Nobody’s happy with the outcome. It’s not just that the pond will be drained this summer in order to enlarge the spillway, leaving an ugly mess and a lot of dead fish and frogs. Or that we’ll spend $600,000 to mitigate what many people think is a minor and questionable risk. There’s also an abiding sense that we ought to have known sooner. Maybe the state’s mandate would still have been non-negotiable, maybe not, but we resent finding out only after it was a done deal.

Thanks to some new web services provided by the city, things are more transparent now, and we have the opportunity to do things differently. But it’s up to us to make that happen. In Gov2.0 transparency: An enabler for collaborative sense-making, I wrote:

  • It’s amazing to be able to observe the processes of government.

  • It’s still a challenge to make sense of them.

  • Tools that we know how to build and use can help us meet that challenge.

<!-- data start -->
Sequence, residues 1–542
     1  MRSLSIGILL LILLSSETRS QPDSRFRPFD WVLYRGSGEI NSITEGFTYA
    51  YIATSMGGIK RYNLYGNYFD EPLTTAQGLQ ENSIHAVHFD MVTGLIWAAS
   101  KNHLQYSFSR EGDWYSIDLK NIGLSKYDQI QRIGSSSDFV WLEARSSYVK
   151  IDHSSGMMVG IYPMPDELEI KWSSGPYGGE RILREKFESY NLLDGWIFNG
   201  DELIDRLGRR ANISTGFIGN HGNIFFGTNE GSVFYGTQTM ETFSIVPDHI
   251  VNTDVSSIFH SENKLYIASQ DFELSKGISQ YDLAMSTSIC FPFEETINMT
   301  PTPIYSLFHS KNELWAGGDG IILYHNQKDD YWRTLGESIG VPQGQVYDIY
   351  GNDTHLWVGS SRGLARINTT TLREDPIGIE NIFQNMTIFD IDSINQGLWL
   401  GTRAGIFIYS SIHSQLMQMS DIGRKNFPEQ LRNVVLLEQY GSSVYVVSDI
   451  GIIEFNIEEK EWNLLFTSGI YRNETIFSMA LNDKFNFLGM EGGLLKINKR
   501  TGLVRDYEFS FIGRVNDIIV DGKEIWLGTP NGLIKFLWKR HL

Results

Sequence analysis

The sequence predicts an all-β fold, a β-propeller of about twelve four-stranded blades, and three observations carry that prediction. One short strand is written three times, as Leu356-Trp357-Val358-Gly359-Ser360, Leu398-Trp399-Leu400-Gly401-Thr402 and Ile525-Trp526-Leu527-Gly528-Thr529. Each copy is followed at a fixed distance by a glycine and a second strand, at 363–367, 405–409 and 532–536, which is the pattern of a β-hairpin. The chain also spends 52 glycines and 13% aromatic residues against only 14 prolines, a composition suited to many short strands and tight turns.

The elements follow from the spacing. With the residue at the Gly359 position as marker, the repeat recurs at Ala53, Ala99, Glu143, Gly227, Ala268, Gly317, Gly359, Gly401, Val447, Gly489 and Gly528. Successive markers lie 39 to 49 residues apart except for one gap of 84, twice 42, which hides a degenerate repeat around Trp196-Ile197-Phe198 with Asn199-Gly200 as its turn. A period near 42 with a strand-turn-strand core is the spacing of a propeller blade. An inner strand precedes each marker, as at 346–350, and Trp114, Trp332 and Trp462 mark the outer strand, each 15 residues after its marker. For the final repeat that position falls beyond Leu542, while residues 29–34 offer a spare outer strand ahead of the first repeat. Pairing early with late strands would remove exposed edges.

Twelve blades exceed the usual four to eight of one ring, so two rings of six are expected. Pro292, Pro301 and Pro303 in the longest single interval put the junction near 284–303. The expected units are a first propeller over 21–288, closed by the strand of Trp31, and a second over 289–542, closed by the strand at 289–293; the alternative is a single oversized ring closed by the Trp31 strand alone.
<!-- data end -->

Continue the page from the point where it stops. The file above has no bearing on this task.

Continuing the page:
Yesterday I was reminded that the Robin Hood Dam isn’t the only one found deficient by the state. There’s also the Ashuelot River Dam on West Street. Last September, a city council committee recommended that the city accept a $16,000 NOAA grant to study the feasibility of removing this dam. Thanks to Keene’s use of the Granicus service, we can review the council’s discussion and vote on this recommendation in its October 7 meeting. And thanks to the permalinks recently added to the Granicus service, I can point directly to that part of the meeting. Here’s some of the discusion:

Councilor Roberts: It’s a feasibility study that in no way requires us to remove the dam.

Councilor Greenwald: This is the slippery slope, the camel’s nose under the tent, the next thing you know, the dam is gone. It’s beautiful, it’s unique, aesthetically and environmentally it needs to stay.

Councilor Redfern: I don’t understand the thinking. We’re going to spend hundreds of thousands, maybe millions, to remove the dam in hopes the fish will return? What if they don’t?

Councilor Duffy: I think a feasibility study will help us balance a consideration between cost and environmental concerns, and explore the pros and cons in more detail.

Councilor Lane: Let’s use this to assess the cost of keeping the dam, as well as the cost of removing it. Personally I have concerns about taking it down, but if we keep it, it has to be maintained, that’s a lot of money too, we need the facts, all this does is use federal money to explore our options.